Q. What is the role of Inland Revenue Department in generating income for the government?

A. The IRD was incorporated in 1933 under an Act of Parliament. As every country and its economy needs money for development activities institutions such as IRD plays a key role in collecting such money. Non taxable income is not sufficient to complete all the development projects and the IRD plays an important role in generating funds for the government. Our main activity is to collect taxes in time for the government.

These funds are channelled towards development activities, providing free education and healthcare facilities and national security. Sri Lanka is a welfare economy and is the only country that provides free education and healthcare facilities which cost the government huge sums of money. It spends Rs. 320 billion, Rs. 198 billion and Rs. 218 billion for national security, education and healthcare facilities apart from providing other facilities including building roads and highways.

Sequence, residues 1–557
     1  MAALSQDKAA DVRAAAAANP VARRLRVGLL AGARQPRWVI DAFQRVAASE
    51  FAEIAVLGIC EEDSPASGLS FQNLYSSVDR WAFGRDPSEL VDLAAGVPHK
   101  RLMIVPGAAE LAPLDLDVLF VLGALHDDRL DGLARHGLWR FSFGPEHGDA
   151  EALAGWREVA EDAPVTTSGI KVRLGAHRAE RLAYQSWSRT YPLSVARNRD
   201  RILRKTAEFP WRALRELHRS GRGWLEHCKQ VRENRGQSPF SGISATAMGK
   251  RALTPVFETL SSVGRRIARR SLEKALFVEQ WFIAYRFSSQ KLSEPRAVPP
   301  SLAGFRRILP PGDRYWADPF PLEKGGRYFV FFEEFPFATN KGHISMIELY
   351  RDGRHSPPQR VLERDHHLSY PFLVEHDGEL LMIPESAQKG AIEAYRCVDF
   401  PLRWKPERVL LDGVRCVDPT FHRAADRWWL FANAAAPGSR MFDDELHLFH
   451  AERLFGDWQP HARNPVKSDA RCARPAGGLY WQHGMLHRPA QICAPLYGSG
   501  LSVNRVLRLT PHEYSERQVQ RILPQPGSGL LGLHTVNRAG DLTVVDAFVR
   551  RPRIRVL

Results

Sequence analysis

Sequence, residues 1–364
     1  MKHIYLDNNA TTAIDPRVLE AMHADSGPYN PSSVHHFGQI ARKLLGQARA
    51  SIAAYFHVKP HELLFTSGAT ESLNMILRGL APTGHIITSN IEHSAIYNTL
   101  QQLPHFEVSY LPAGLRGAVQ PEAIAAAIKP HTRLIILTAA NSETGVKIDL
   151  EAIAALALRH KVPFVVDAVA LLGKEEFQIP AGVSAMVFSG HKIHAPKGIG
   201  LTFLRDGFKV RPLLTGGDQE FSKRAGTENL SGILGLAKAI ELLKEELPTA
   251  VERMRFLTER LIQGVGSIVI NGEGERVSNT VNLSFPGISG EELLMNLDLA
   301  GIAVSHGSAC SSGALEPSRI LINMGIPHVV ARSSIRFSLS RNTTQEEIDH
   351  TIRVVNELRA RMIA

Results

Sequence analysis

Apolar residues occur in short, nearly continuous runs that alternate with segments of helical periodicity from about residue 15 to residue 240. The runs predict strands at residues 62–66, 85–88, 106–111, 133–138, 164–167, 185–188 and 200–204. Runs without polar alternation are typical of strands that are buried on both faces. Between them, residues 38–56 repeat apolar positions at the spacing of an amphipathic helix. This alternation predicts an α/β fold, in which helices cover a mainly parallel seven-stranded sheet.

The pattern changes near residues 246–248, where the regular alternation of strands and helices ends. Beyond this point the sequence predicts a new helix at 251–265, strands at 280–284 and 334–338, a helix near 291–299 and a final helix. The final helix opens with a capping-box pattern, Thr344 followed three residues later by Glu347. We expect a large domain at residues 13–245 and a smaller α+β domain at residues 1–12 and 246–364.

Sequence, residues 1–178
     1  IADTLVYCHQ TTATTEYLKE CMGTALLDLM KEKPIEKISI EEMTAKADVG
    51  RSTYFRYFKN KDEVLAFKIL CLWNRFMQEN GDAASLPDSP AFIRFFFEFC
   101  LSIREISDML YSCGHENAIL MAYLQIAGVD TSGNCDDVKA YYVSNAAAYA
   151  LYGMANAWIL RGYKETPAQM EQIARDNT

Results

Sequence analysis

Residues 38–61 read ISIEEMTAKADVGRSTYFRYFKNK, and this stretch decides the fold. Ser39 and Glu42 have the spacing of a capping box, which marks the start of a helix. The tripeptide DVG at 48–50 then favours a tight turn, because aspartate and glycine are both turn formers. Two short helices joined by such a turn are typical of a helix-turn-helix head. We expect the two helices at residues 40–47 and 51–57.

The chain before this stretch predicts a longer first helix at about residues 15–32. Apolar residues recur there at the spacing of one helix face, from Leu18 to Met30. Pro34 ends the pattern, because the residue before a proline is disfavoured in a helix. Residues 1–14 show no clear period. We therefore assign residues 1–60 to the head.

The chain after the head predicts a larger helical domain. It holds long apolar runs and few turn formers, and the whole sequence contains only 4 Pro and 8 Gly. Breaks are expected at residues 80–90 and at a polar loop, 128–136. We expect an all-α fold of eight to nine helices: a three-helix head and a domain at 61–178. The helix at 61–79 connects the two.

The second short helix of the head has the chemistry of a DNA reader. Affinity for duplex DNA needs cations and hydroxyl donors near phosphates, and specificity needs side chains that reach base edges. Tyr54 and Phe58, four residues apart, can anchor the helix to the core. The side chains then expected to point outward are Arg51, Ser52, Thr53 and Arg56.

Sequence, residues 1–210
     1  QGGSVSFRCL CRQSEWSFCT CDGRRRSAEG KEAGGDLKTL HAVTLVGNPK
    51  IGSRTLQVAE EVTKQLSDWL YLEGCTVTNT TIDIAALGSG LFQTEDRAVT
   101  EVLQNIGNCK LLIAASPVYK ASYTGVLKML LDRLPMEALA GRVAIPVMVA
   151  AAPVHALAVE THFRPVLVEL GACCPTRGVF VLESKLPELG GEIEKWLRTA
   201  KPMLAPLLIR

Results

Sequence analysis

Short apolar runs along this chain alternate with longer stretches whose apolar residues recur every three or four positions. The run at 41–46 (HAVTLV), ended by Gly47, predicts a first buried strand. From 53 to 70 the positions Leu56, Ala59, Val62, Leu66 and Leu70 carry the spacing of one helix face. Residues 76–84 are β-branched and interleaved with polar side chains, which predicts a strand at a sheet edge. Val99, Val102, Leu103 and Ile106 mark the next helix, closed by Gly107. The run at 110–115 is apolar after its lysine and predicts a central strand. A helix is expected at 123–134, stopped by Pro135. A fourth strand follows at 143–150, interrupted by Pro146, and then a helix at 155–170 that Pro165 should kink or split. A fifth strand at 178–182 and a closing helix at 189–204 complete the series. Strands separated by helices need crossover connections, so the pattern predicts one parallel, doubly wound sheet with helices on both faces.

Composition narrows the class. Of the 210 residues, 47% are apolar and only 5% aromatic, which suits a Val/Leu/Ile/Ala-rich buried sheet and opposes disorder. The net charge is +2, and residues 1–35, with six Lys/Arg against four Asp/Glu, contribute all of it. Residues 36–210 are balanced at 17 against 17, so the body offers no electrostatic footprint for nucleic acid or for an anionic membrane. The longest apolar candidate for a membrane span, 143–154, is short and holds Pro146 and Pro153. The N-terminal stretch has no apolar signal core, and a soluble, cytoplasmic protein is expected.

There are 1,4 million of public servants and their salaries, Samurdhi and fertilizer subsidy, repaying of loans and interest are done by taxpayers money. The income tax is a direct tax. The present composition of direct to indirect tax is 20 to 80 percent. The government aims at bringing this tax structure to 40 to 60 percent in future.

Q. What are the challenges the IRD faces in performing its designated tasks?

A. Achieving revenue targets is a challenge. However, we have been able to successfully meet this challenge. The income from VAT and NBT went down due to the Easter Sunday attacks, We have installed a highly sophisticated computer system RAMIS (Revenue Administration Management Information System) where we had a few operational issues initially.

This system has enabled us to make the tax collection process much faster and efficient. We need to have competent and efficient staff to handle the tax collectors role. To this end human development is necessary. The skill upgrading of the staff to encourage the potential customer to declare his liability is vital.